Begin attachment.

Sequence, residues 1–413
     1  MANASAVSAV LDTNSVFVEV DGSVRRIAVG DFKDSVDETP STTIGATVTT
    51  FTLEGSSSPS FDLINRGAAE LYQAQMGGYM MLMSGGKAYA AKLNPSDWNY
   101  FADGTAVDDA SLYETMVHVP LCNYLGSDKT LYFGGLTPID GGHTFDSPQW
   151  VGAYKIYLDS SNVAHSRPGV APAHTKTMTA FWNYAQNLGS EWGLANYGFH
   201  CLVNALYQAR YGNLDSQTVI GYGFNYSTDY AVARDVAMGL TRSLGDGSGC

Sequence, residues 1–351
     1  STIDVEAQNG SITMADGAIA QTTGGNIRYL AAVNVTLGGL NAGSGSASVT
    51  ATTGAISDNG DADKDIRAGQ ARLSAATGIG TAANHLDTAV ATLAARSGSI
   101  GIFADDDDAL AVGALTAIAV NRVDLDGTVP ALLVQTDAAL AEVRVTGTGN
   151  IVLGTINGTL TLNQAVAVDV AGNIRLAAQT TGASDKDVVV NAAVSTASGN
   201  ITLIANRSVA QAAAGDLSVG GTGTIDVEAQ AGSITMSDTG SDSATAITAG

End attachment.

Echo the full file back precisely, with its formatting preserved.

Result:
Sequence, residues 1–413
     1  MANASAVSAV LDTNSVFVEV DGSVRRIAVG DFKDSVDETP STTIGATVTT
    51  FTLEGSSSPS FDLINRGAAE LYQAQMGGYM MLMSGGKAYA AKLNPSDWNY
   101  FADGTAVDDA SLYETMVHVP LCNYLGSDKT LYFGGLTPID GGHTFDSPQW
   151  VGAYKIYLDS SNVAHSRPGV APAHTKTMTA FWNYAQNLGS EWGLANYGFH
   201  CLVNALYQAR YGNLDSQTVI GYGFNYSTDY AVARDVAMGL TRSLGDGSGC

Sequence, residues 1–351
     1  STIDVEAQNG SITMADGAIA QTTGGNIRYL AAVNVTLGGL NAGSGSASVT
    51  ATTGAISDNG DADKDIRAGQ ARLSAATGIG TAANHLDTAV ATLAARSGSI
   101  GIFADDDDAL AVGALTAIAV NRVDLDGTVP ALLVQTDAAL AEVRVTGTGN
   151  IVLGTINGTL TLNQAVAVDV AGNIRLAAQT TGASDKDVVV NAAVSTASGN
   201  ITLIANRSVA QAAAGDLSVG GTGTIDVEAQ AGSITMSDTG SDSATAITAG